Greening your gardening
Farmers, gardeners, plant producers: we all have a dirty little secret to tell y'all. A large part of our industry has a dark, unsustainable side from my perspective. While many of us practice sustainable growing for our food and ornamental greenery, our supply chain can betray us like it does in other industries.
First let's talk about pot...baby- plastic pots that is. At any time of year you can walk into your favourite garden store and find a plethora of plastic pots. This reality grows exponentially in bedding/vegetable transplant season when local and pop-up garden centres are flooded with seedling packs. All of these various plastic pots are made from our 'good' old friend oil. Of course, as we know oil is no friend to our environment.
So, what are we to do?
The easiest solution in terms of time is to recycle plastic pots and seed trays. Many municipal recycling programs will accept them in blue bags. Secondly, a notable amount of garden centers will take back empty pots & seed trays to reuse them and an added bonus some retailers give you money off your next purchase for returning them. Lastly, you can reuse them yourself, many transplant pots and seedling trays can be used well beyond one season. Alternatively, there is a wooden tool you can used to turn old flyers into seedling pots with the added bonus of being able to plant to whole lot right in the ground- preventing root distubance.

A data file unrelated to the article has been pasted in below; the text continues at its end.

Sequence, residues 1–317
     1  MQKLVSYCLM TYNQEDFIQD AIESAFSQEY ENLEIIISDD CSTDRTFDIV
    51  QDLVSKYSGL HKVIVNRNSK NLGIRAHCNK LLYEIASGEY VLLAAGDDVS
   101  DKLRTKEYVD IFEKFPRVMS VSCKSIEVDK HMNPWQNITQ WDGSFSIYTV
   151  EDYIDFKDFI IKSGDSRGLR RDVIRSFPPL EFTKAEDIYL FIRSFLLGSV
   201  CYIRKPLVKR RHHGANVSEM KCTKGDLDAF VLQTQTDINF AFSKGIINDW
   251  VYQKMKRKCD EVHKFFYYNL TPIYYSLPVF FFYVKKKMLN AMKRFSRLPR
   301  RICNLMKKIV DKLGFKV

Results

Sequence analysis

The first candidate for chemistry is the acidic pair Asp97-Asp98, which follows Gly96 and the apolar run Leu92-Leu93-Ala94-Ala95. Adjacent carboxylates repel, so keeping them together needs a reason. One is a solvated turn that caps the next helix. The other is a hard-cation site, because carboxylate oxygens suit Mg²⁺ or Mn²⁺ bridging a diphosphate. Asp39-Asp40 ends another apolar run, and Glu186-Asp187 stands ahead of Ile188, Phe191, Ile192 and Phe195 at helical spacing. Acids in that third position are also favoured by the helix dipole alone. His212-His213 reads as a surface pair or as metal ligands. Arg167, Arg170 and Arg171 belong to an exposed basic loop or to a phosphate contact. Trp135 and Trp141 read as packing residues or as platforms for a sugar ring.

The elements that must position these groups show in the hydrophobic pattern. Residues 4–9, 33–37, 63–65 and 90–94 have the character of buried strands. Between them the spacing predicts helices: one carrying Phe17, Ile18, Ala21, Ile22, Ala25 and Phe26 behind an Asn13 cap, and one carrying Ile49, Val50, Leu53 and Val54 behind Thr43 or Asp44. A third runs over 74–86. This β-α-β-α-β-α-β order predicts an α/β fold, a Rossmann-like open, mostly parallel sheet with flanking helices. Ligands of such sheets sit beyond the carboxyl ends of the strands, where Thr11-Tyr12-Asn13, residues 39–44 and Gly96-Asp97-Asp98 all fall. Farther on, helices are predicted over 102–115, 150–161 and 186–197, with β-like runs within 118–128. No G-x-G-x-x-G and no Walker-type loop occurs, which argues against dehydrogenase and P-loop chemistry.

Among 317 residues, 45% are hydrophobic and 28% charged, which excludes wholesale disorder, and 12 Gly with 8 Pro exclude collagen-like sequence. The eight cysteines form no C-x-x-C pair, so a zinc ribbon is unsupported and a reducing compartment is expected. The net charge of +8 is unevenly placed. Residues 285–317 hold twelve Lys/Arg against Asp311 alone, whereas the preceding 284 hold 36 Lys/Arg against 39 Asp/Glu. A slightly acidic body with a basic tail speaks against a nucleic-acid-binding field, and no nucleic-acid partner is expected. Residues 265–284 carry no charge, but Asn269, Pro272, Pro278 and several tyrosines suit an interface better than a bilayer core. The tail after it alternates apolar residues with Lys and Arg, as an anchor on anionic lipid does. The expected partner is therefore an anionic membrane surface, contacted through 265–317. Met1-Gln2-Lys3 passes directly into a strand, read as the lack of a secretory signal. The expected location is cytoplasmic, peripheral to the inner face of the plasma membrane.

When considering the envrionmental impact from your farming or gardening activities, it is important to include transportation pollution. Retailers, for the most part, bring in all their seasonal transplants with environmental impacts from pollution depending on where they are travelling from, how they were produced--ie electricity for heat or grow lights etc. While as a consumer, we can't fully control where stores source from- we can influence stores by what we buy.
Fortunately, in the Atlantic region seasonal transplants are sourced from growers right in our region for a vast majority of retail operations. Also, some garden centres produce transplants on site and smaller business in your city may also raise garden transplants. As important as it is to buy local in food, art and clothing retail sectors; it is equally important to buy local for your horticultural needs.
Employing these tips and tricks will help to reduce your environmental impact while you grow from season to season.
What do you do to reduce your pollution footprint as a gardener or farmer?